By: Darlene M. Cox
The one aspect of horse health care that is most widely overlooked by horsemen is dental health care. Some horse owners may have owned horses for many years and never once thought about having their horses' teeth examined. If you wait until there are obvious signs that a dental problem may exist, your horse has already had to endure a long period of pain. However, regular dental care (twice yearly) and examinations will prevent painful dental conditions and should be high on the list of what responsible horse owners provide our horses.
Dental examinations can be performed by veterinarians, equine dentists, or farriers who have also received training in equine dentistry. While costs for such dental services may vary between regions or occupations, the cost should be somewhere between $30 - $80.
When examining your horse's mouth, the dental professional will look for tell-tale signs of dental problems such as:
- Molars that may be cracked or have sharp or jagged edges that have rubbed/cut the cheek and tongue
- Trapped pieces of grain (in the cracks) that could develop into an abscess
- Wolf teeth that will interfere with the seating of the bit along the bars of the mouth
- Deciduous (baby/milk) teeth that may not allow proper eruption of permanent teeth
- Tooth misalignments that interfere with proper chewing or seating of the bit
- Inflammation and periodontal disease of the gums
If a problem is determined to exist, the dental professional will "float" your horse's teeth, which means a speculum will be inserted into the mouth to hold it open and a rasp will be introduced to file down the jagged edge, smooth out a crack, or even up a misalignment. Not all dental professionals will use a speculum; however, it is best if they do because the horse's tongue can best be maneuvered away from the rasp.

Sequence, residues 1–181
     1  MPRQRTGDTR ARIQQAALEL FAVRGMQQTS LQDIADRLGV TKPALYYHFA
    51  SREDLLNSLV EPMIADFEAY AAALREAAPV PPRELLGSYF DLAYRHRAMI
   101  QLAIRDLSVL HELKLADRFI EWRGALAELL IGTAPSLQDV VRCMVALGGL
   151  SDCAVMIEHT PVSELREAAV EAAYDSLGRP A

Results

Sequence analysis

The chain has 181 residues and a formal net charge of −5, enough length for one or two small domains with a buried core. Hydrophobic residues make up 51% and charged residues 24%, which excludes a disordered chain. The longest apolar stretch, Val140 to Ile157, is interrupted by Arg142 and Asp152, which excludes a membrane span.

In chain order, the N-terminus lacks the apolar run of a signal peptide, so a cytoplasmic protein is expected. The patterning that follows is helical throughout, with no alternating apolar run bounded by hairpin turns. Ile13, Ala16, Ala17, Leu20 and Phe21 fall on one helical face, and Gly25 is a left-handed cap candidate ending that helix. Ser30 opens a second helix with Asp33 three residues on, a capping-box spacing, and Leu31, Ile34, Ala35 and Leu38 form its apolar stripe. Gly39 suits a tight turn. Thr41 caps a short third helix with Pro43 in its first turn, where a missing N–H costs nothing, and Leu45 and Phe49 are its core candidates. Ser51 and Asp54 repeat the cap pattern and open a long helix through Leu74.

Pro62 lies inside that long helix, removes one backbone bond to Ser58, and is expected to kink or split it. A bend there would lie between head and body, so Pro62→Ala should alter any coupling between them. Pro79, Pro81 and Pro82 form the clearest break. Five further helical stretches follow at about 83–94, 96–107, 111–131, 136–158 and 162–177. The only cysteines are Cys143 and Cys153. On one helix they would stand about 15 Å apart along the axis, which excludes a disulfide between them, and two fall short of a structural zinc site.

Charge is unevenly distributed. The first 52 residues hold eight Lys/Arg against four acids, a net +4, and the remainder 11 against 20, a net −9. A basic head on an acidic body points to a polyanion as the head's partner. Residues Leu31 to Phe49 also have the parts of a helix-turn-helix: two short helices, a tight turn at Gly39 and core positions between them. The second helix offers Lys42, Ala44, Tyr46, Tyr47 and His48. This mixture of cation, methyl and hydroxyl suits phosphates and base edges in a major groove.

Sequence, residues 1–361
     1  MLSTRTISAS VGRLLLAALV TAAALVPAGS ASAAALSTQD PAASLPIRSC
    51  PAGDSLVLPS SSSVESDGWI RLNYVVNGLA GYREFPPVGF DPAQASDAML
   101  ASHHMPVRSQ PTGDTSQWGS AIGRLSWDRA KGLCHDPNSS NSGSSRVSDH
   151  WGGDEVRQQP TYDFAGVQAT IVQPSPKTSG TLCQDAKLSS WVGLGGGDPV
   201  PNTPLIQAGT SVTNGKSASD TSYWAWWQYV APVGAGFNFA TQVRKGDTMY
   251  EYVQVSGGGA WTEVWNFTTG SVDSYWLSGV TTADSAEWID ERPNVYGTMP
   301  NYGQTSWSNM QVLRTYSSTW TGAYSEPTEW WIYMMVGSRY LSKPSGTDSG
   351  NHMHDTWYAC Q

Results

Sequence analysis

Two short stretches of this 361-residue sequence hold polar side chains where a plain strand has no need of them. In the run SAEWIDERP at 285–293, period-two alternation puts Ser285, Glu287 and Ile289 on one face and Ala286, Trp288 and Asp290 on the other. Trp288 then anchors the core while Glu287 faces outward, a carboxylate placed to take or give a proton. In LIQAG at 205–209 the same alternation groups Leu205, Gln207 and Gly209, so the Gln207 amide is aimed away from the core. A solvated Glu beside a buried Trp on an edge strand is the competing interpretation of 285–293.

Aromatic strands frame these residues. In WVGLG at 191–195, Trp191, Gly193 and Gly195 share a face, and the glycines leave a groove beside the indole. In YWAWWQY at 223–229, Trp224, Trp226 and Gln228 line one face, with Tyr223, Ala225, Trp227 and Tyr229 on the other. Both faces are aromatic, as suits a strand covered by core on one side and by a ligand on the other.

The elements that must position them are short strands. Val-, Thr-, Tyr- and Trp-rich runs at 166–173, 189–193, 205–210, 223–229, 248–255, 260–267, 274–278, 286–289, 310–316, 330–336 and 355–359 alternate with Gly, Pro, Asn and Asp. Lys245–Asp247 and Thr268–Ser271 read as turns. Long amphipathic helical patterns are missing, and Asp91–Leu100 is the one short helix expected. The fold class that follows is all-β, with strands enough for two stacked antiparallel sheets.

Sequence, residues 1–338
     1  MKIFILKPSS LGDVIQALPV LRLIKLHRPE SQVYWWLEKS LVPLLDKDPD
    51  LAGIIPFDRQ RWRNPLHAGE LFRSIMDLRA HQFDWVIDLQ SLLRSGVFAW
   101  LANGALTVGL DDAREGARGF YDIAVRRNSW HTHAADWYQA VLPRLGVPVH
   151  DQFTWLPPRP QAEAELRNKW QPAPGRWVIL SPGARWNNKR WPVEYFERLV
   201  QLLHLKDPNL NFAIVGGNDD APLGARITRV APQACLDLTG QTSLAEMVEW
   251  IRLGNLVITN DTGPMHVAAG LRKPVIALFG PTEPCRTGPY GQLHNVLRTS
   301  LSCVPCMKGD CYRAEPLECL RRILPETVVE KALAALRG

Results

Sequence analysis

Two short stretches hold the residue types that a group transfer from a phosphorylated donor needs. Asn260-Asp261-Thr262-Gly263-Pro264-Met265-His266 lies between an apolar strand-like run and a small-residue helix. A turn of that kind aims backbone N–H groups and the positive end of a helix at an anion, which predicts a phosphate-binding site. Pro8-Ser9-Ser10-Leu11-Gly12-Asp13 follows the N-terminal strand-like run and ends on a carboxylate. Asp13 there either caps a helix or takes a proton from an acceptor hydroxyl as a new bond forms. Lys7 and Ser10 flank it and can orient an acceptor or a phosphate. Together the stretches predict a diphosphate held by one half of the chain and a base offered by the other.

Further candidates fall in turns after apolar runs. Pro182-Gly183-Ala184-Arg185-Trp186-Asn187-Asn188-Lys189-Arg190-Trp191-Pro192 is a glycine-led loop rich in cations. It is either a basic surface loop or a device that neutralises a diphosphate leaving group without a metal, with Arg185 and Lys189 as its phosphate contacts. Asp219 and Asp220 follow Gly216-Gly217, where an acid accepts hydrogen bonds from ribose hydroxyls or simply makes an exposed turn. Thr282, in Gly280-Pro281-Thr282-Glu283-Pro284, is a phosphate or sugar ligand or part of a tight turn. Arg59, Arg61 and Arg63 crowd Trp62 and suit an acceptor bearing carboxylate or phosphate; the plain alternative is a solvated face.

Dental health care should begin at foal age and continue throughout the geriatric years. Following is a developmental guide of your horse's mouth and what a dental professional may encounter upon examination:
- 0 - 2 Years
Examinations of a foal's mouth will ensure that his teeth are erupting (coming in) properly. As the foal ages and progresses to his yearling and 2nd year, the equine professional will ensure that his 24 deciduous (baby or milk) teeth have properly come in and will remove his wolf teeth (pointy little teeth that come in just in front of the cheek teeth).
- 2 - 3 Years
Permanent teeth begin to come in at 2-3 years of age. This is also the time when the cheek teeth come in. The deciduous teeth will be shed as the permanent teeth erupt.
- 4 - 5 Years
By the age of 5 years, all permanent teeth should be in. Canine teeth will erupt in male horses between the ages of 4 - 5 years. The canine teeth may need to be trimmed to ensure that the bit will fit well and comfortably in your horse's mouth. The dental professional will check for impactions (teeth that do not erupt entirely) that may lead to abscesses.
- 6 Years and Beyond
Sharp/jagged edges or points begin to be an issue in horses that have reached their 6th year and up. Untreated teeth may lead to tooth decay, inflammatory gum disease, and early permanent tooth loss.
Implementing a twice-annual dental care plan into your regimen of equine health care for your horse will allow him to have a lifetime of no serious dental abnormalities or problems. It is just one additional small way that we can provide the best care for our beloved horses.